Also for the people who say a mitigation system is within a reasonable price, I'm not sure how many hundreds you're carrying around but 1500 to 2600 dollars for a house that doesn't even have a basement isn't exactly chump change to me. But because you are selling a home and your back is against a wall due to an overly inflated fear and a quickly approaching time limit.

If you are in NJ, please STAY AWAY from a company called RaDATA. They are the company who scammed me 200 and then tried to get an additional 2600 dollars out of me.

This is obviously strictly my own opinion and is in no way endorsed or associated with this blog or the owner of this blog therefore I am fully within right in an open forum to express my story with them, and to truly warn others before they make the same mistake and get scammed by this company.

Anonymous said...

How many of you have ever had dental x-rays before?

They put a LEAD vest on your chest to supposedly protect your internal organs from "scatter radiation"? (That practice never made me feel comfortable since the thing was pointed at MY HEAD!)

Do you know how much "radiation" you actually get from dental x-rays? You get more "radiation" from long term exposure to elevated levels of radon (at 4 picocuires) than you will get in 500 dental x-rays! Ask people if they would participate in a NEW program at their dentist. Tell them they are NOT going to be putting the lead vest on them anymore if they don't mind. Would most people AGREE to let that happen? I bet NOT! They have been "programmed" that x-rays are like "death rays from Star wars". The reason dentists do that is because attorneys have advised them that if you DONT take action they could later SUE you for some reason! That rational also applies to the signs they post asking you if you are pregnant (to protect your unborn baby from x-rays!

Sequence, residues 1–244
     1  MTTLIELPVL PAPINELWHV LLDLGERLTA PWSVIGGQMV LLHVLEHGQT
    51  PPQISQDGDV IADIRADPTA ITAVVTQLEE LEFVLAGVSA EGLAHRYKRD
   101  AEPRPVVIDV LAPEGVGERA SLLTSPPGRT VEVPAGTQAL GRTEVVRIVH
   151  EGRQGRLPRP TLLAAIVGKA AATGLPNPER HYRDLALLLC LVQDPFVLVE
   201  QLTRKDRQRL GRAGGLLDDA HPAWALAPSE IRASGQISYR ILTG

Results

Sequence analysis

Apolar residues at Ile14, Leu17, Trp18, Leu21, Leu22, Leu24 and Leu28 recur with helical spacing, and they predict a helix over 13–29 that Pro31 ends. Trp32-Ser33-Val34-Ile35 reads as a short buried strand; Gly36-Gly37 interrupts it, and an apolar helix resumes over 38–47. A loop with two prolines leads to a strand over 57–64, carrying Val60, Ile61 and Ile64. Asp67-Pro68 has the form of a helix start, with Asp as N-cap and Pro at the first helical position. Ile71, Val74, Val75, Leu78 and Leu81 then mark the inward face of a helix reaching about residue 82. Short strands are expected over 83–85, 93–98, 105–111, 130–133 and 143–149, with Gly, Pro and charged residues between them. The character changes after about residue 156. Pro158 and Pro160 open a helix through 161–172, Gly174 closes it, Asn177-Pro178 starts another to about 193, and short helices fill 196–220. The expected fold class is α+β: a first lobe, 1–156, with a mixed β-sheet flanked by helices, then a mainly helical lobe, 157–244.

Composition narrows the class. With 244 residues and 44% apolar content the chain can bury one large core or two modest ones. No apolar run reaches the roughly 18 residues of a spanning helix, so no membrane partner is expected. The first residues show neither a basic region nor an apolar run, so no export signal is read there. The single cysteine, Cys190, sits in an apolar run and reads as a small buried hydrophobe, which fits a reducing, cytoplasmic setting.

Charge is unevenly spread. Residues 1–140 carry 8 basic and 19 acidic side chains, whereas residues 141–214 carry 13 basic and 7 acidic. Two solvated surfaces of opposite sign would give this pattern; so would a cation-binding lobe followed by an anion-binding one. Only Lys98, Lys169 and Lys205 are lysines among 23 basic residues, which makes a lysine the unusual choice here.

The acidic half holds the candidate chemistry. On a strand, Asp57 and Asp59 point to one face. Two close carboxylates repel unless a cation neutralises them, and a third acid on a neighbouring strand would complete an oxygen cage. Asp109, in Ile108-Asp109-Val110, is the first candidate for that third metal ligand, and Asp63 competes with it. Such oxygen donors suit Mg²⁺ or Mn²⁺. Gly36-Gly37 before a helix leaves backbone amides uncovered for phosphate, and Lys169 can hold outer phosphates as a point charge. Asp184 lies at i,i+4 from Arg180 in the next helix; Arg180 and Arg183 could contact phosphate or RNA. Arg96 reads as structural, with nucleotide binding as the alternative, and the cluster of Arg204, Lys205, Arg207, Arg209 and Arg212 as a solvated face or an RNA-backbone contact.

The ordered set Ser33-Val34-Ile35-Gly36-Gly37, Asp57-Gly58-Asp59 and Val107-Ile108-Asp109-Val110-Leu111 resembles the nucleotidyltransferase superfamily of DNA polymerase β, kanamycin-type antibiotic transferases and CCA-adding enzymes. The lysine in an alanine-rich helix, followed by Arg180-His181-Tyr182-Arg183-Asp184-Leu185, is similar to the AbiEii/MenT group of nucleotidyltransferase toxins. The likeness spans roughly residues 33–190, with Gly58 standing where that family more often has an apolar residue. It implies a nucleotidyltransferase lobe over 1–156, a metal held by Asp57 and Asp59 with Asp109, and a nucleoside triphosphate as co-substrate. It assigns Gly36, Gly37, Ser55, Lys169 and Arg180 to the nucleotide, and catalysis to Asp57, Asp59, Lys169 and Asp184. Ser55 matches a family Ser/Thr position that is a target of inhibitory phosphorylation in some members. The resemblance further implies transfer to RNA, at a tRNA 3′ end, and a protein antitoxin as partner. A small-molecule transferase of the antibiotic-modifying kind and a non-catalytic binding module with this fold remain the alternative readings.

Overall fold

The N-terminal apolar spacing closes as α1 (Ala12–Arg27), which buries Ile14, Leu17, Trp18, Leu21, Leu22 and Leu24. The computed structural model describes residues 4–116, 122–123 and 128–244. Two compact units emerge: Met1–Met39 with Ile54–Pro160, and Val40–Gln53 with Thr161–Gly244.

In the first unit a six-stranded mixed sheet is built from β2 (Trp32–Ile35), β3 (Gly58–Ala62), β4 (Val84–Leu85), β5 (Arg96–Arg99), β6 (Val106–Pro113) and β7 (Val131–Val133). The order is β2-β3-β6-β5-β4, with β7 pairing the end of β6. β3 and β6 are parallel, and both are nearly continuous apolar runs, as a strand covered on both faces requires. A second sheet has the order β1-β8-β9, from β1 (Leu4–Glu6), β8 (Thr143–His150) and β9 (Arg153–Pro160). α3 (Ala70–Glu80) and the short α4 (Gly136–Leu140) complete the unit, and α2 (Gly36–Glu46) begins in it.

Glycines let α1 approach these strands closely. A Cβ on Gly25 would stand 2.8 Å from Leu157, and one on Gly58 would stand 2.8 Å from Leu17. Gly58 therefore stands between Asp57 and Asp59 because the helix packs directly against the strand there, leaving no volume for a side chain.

Furthermore you get more "radiation" each month from exposure to elevated levels of radon than than OSHA will let Nuclear Power Plant workers get!

You can hiss and argue about the annual deaths attributed to radon (21,000). But I find that its interesting that there is a national movement to BAN smoking in public buildings because of the alleged threat of "second hand smoke" (which the EPA says kills on 3,000 people annually). If the radon estimates are even HALF of what they state that is ANNUALLY more deaths than all those obtained in IRAQ/AFGHANISTAN in 9 years! Go figure! WHY does the "means" of death matter?

Anonymous said...

I'm a realtor and I hate the radon mitigation request by a buyer. If the buyer feels that the family should be protected from radon, then they should install a mitigation system after closing. Why ask a seller, who hasn't had radon mitigation during their time in the property, to spend their money on something they will never use. Your just asking to create hard feelings and possibly kill a deal.

If the buyer is educated in radon exposure and believes it to be harmful, then they will most likely notice during the viewing that there is not a mitigation system. If they would like to have one, then they should request having it installed, should the report shows high levels, in the original offer. That way the seller could decide before accepting the offer and factor it into his decision.

If you would like a good education on the myth of radon, here is a website that you can go to.

Anonymous said...

To the radon danger deniers, you're all idiots.. I suggest you stick your head in a microwave and turn it on high until you are no longer capable of making adult decisions (which is debatable after reading your idiotic posts). You inbred idiots got Trump elected.